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What to consider when buying diamonds
Diamonds are natural wonders, formed billions of years ago deep within the Earth. With natural diamonds formed like this, each diamond is unique and a result of time and place. The universal method for describing the quality and value of a diamond is called the 4Cs of Diamond Quality. It stands for Colour, Clarity, Carat and Cut. A diamond’s beauty comes from both nature and human touch; nature creates rough diamonds, humans cut them, and the quality grading take both into account. So, understanding the 4Cs means that you know the quality and value of the diamond you’re about to buy.
Diamond colour actually refers to the absence of colour in a stone. What we typically call white diamonds are actually colourless diamonds. While a perfect diamond has no hue, it’s extremely rare, and most diamonds have hints of yellow, gray, or brown. For diamond colour grading, the universal standard is the D-to-Z scale, split into five categories: Colourless (D, E, F), Near Colourless (G, H, I, J), Faint (K, L, M), Very Light (N, O, P, Q, R) and Light (S, T, U, V, W, X, Y, Z). Many of the colour distinctions, especially in the colourless category, are so subtle that they are invisible to the untrained eye, but they affect the quality and price of a diamond with a D grading being the absolute finest and most expensive.
Natural diamonds are the result of carbon exposed to tremendous heat and pressure deep in the earth, which can result in a variety of internal characteristics called ‘inclusions’, and external ones called ‘blemishes’. Diamond clarity involves determining inclusions and blemishes in a stone and how they affect the appearance of the stone. No diamond is perfectly pure, but the closer it comes to purity, the better its clarity grading and the higher the price. The scale for grading the clarity of a diamond includes: Flawless (FL), Internally Flawess (IF), Very, Very Slight Included (VVS1 and VVS2), Very Slight Included (VS1 and VS2), Slightly Included (SI1 and SI2) and Included (I1, I2 and I3).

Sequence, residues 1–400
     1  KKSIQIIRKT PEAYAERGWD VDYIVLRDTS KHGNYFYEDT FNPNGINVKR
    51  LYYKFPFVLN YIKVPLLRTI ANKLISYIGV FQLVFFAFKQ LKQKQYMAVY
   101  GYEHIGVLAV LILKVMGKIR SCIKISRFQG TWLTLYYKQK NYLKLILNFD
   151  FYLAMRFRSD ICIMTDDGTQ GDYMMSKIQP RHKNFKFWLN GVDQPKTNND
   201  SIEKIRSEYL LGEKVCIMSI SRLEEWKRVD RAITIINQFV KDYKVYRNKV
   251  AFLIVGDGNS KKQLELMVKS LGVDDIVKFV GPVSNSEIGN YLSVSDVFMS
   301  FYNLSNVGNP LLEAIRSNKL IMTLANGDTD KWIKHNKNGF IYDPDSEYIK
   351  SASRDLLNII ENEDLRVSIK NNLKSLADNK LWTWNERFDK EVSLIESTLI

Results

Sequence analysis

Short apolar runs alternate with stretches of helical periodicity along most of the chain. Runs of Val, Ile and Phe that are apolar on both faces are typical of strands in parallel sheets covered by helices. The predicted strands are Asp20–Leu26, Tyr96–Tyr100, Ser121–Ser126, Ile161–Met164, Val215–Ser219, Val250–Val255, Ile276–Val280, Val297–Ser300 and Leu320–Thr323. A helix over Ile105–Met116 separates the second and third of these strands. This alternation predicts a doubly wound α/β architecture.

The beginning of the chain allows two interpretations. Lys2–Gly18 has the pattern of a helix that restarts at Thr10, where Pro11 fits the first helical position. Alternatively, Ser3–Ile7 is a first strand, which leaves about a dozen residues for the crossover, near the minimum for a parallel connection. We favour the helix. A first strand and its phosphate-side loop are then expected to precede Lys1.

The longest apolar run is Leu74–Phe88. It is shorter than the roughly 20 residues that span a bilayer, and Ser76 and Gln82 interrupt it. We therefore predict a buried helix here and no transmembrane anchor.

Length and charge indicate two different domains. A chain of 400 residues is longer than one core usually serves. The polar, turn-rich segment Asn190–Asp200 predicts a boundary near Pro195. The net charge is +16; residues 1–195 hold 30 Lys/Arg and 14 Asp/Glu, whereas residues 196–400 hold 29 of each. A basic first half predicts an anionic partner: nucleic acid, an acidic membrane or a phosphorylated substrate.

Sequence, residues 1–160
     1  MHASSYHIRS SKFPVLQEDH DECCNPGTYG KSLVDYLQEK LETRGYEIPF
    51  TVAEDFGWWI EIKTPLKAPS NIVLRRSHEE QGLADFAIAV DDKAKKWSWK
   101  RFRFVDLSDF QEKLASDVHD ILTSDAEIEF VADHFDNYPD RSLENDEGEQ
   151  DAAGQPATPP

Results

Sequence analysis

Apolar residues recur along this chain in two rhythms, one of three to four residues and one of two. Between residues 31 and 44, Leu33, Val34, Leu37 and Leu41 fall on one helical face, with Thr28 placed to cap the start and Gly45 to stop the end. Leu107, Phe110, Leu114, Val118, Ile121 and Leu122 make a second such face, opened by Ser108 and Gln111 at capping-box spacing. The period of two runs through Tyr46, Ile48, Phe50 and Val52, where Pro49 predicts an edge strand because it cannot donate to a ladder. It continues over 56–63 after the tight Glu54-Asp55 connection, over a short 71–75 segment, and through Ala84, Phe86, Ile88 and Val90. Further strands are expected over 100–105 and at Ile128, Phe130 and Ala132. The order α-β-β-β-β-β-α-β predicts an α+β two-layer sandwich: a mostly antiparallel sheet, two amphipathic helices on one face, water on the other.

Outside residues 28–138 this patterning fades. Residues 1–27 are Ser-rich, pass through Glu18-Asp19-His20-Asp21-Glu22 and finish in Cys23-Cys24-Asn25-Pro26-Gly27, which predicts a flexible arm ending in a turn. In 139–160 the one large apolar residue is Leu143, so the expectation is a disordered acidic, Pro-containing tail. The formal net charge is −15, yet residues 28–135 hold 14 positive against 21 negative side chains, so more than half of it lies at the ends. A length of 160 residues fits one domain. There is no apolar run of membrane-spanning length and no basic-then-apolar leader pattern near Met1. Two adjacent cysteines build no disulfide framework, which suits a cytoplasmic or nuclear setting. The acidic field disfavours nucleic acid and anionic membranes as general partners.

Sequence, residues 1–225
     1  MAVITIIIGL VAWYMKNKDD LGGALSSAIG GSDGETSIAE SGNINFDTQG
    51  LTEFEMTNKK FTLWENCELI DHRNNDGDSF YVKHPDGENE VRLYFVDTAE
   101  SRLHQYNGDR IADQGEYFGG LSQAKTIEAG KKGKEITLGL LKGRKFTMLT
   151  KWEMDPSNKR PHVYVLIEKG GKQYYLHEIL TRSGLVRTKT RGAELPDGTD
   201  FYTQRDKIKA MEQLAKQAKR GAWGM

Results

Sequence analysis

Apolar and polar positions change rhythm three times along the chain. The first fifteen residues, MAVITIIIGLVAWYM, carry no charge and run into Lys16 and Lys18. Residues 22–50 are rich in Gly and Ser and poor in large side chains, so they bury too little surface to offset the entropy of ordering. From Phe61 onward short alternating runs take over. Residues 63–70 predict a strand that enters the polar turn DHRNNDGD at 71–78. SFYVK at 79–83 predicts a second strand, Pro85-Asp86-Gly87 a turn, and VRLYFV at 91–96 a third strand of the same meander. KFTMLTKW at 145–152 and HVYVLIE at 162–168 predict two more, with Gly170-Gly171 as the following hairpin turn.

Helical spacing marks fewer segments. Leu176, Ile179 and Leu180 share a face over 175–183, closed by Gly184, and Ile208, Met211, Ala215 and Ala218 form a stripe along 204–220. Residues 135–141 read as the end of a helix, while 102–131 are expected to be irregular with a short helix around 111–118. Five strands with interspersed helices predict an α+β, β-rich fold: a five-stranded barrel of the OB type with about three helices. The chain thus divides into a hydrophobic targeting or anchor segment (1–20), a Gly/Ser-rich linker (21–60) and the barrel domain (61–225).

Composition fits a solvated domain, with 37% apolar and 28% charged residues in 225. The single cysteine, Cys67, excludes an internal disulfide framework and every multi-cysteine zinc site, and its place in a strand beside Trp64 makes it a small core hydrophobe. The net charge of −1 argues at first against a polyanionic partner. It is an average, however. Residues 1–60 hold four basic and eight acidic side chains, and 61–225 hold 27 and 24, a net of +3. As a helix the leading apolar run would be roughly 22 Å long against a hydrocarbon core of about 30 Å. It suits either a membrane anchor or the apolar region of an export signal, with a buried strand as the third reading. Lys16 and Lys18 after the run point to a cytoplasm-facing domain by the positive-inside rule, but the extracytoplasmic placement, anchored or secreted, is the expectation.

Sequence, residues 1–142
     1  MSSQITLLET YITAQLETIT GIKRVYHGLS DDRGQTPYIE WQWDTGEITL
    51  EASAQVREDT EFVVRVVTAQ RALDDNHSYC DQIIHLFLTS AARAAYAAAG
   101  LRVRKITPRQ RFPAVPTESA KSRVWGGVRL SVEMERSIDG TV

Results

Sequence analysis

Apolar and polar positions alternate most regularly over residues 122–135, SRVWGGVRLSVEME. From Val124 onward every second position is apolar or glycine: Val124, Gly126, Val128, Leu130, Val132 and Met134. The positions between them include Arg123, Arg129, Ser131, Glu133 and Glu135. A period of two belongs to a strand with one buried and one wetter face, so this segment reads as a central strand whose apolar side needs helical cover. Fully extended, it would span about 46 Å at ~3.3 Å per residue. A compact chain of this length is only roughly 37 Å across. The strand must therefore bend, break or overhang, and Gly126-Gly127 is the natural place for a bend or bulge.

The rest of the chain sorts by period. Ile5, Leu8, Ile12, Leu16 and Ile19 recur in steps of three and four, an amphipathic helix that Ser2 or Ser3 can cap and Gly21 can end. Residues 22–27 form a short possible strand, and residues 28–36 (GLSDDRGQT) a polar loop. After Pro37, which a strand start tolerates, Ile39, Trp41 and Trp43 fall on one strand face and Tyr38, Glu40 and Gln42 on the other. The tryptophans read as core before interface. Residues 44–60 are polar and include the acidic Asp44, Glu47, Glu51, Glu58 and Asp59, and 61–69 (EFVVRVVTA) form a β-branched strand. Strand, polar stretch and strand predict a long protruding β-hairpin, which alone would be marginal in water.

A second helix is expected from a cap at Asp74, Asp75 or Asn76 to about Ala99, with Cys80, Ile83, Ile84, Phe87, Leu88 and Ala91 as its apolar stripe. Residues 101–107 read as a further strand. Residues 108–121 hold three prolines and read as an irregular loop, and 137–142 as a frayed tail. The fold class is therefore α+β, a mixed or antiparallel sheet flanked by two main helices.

Carat refers to how much a diamond weighs. Generally, diamond prices increase with diamond carat weight because larger diamonds are rarer, but at the same time, two diamonds of equal carat weight can have quite different values depending on the other 3Cs. One carat equals 0.2 grams and is weighed very precisely to the nearest 0.01ct. Diamond prices increase exponentially, not linearly, as diamond weight increases.
The cut of a diamond is the only parameter that is completely within human control, because cut is determined by the quality of craftsmanship. It should not be confused with the shape of the diamond, as cut refers to the proportion and arrangement of its facets – its amount of brilliance, sparkle, and fire. The grading range include: Excellent, Very Good, Good, Fair and Poor. While all 4Cs are important, the cut is the most determining factor of how a diamond looks to the eye. As diamond expert and designer, Jade Trau, says: “Looking at a diamond from across the room, you are going to want the beautifully cut diamond, even if it’s imperfect over the flawless one with a terrible cut.”
To summarize: While the value of a diamond is based on the combination of its 4C qualities, when shopping for a diamond, and prioritizing your budget, we recommend that you go for a high Cut grading, since this will have the biggest effect on the brilliance and sparkle of the stone.
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